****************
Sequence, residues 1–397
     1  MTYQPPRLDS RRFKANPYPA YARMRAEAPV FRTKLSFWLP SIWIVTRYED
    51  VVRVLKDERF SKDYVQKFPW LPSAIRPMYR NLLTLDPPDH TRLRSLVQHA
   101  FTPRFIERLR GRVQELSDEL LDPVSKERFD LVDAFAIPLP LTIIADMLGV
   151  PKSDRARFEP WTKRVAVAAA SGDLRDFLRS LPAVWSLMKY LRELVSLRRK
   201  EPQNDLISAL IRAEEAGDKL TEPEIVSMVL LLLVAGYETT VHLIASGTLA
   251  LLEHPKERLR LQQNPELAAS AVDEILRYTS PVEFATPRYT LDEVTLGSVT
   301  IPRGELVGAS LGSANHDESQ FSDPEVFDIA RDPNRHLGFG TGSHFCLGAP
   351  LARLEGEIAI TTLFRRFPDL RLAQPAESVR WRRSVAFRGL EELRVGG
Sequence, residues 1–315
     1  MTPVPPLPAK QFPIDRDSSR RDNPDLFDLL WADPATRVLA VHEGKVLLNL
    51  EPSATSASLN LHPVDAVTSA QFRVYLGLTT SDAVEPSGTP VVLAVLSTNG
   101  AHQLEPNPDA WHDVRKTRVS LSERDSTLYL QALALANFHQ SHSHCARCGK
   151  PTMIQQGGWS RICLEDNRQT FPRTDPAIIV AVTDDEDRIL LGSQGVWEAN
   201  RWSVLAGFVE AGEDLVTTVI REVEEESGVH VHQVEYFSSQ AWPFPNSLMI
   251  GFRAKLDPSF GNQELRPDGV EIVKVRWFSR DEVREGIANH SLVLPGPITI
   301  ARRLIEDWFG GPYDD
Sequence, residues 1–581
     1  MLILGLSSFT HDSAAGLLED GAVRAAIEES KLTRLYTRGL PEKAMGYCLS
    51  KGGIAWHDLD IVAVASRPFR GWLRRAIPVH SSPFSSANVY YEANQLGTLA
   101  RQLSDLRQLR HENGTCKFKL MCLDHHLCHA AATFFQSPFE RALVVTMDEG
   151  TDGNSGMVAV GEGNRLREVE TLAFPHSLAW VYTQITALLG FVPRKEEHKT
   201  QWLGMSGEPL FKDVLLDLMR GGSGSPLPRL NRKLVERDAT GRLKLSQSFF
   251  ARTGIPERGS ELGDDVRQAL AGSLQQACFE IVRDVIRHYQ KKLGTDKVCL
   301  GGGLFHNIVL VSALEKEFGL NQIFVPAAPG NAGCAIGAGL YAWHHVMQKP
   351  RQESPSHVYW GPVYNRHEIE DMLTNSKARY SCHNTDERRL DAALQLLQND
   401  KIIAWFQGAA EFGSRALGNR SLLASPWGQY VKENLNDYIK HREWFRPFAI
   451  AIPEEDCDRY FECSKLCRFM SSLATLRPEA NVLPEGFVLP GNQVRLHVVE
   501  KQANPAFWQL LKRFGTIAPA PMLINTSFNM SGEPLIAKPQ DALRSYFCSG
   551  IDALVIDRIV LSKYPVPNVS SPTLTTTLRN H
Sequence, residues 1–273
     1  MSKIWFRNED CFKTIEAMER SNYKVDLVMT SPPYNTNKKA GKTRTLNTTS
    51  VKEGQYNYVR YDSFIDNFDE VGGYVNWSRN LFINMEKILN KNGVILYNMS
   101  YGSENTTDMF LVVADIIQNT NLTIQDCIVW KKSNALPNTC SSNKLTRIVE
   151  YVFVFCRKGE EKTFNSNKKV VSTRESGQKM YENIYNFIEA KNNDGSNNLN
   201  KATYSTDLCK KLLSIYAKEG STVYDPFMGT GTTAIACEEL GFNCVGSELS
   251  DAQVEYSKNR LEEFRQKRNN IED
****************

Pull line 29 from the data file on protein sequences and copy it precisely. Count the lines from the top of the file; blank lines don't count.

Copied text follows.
   501  KQANPAFWQL LKRFGTIAPA PMLINTSFNM SGEPLIAKPQ DALRSYFCSG